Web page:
Too many CSOs ignore the reality of today's threats
George Viegas argues that recent research, like Mandiant's APT1 report, finds too many security managers suffer from "ain't gonna happen to me" syndrome and fail to protect their business because of it. Do you have it?
By George Viegas
June 21, 2013 — CSO —
Richard Ramirez is remembered all across southern California for the terror he invoked during the early 80's. The serial killer, who died in prison earlier this month, was nicknamed the 'Night Stalker' and was known for the ease with which he entered his victim's homes. He did not break and enter, he didn't shatter windows or climb down the chimneys. For the most part, Richard 'walked' into homes either through screen doors left unlocked or windows left open. Many of his crimes I've been told, were committed close to freeway ramps to facilitate a fast getaway.
What was very interesting to note about Ramirez's victims is that even though the city was aware of a serial killer on the loose, people still left their windows open or the screen doors open. I know I would batten down the hatches and take extra precautions until I heard the killer had been caught. So what makes people be lax and laissez-faire, in the face of a known and omnipresent danger?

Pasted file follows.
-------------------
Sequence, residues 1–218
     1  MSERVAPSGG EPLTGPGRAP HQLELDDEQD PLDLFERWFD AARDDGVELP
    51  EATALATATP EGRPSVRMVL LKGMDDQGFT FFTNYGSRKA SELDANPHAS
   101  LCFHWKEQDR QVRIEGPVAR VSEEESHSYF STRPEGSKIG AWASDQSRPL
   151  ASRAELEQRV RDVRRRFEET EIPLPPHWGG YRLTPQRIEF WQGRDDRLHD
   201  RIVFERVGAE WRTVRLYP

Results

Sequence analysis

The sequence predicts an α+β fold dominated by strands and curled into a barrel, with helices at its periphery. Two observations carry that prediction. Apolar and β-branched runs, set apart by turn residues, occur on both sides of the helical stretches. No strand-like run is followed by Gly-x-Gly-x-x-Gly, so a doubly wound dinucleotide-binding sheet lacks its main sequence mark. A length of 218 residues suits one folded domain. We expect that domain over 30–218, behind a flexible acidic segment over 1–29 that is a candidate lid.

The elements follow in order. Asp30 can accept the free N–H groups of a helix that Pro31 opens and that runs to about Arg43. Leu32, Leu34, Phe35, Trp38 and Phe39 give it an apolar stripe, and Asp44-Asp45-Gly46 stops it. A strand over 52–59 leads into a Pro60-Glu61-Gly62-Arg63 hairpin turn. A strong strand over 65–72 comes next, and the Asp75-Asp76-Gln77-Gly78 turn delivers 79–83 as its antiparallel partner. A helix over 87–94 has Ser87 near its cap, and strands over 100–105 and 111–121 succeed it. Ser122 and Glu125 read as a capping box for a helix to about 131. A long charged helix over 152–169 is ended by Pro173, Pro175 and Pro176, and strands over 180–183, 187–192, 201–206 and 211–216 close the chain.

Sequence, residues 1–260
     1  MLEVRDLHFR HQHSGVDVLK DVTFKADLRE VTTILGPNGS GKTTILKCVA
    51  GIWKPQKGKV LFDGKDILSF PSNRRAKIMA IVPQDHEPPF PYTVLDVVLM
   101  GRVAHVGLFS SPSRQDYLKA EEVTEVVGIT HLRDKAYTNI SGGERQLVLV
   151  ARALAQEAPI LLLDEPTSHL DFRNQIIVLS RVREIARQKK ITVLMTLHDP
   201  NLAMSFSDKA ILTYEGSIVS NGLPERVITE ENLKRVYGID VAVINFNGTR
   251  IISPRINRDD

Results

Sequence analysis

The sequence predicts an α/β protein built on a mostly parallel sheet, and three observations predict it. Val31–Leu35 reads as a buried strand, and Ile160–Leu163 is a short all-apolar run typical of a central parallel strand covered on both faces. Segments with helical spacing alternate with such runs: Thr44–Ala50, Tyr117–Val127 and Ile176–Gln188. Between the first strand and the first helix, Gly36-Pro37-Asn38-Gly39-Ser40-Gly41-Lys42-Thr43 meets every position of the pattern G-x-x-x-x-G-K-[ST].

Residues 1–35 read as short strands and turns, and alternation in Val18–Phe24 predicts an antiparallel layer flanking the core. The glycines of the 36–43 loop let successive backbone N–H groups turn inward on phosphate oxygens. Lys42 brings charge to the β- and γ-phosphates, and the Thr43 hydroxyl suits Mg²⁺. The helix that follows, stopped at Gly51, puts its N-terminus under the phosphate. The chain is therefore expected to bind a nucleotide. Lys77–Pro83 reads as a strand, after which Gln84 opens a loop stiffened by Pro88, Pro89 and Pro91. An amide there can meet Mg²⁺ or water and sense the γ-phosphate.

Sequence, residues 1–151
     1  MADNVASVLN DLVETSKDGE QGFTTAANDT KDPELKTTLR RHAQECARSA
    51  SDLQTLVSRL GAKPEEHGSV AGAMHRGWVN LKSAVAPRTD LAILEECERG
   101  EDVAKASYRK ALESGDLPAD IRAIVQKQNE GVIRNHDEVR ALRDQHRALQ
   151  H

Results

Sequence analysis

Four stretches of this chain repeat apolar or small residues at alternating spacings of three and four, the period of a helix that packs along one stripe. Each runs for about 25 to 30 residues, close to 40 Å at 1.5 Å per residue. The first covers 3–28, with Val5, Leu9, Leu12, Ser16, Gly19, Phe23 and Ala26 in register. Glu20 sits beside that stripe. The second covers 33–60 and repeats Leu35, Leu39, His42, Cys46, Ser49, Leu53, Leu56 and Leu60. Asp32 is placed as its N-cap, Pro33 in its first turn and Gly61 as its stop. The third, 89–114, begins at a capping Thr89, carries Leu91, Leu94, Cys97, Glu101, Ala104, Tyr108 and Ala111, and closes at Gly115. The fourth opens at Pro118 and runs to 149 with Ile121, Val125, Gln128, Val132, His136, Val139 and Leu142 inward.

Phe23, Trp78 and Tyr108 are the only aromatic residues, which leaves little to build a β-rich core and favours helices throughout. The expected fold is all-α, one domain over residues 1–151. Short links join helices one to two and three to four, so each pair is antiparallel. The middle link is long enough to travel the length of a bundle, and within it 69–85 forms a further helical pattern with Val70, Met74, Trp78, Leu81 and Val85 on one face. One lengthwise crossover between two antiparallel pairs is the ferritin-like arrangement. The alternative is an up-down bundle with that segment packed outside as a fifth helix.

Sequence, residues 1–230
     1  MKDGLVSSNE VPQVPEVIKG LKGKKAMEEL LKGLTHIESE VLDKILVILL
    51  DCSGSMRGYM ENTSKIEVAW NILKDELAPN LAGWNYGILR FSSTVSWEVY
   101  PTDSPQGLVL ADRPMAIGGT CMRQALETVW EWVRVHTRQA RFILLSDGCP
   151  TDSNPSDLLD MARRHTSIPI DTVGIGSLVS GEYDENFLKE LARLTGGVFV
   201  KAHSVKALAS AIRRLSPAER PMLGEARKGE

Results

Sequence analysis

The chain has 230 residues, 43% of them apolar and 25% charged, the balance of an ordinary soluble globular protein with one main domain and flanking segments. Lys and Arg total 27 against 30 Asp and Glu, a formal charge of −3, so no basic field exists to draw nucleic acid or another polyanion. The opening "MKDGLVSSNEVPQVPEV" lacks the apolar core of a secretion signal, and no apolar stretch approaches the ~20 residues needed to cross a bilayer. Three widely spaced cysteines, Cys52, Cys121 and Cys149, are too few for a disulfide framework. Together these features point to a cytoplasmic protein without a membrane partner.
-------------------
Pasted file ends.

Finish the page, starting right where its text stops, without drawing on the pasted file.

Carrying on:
[Related: The seven deadly sins of building security]
Enter what I coin as the 'aint' gonna happen to me' syndrome. It's the opposite of the 'safety in numbers' effect. It's when people think that's its such a big situation that they cannot possibly be the target. It's when individuals think that 'its a big city and there's thousands of homes and hundreds of thousands of people, surely nobody's going to stop by my house and single me out'. But yet Ramirez did just that and time and time again he found homes with little or no security and he walked right in with minimal effort.
Does this ring a bell now folks?
Fast forward to today and the Advance Persistent Threats (APT) that are a clear and omnipresent danger. There's probably very few IT and business people who have not heard of the Chinese hackers attacking our systems and stealing valuable business intelligence through APT. Mandiant first published information about APT in their January 2010 (M-trends report). The latest 2013 Mandiant APT1 report indicates a broad campaign of espionage, conducted from a Chinese based group, dating from as far back as 2006. In fact per the Mandiant report, the Chinese-based espionage group maintained access to victim's networks for an average of 365 days.
And yet in the face of this very clear danger, we continue to have a lot of open windows and open doors. Mandiant's latest threat landscape assessment indicates that the median number of days that advanced hackers are on the network before being detected is 243 days. Systems that are unpatched, privileged accounts that are inadequately protected, a reliance on anti-virus alone for security — these are all examples of open windows and doors that allow an attacker to easily 'walk' into our network and take way all that is dear to the business.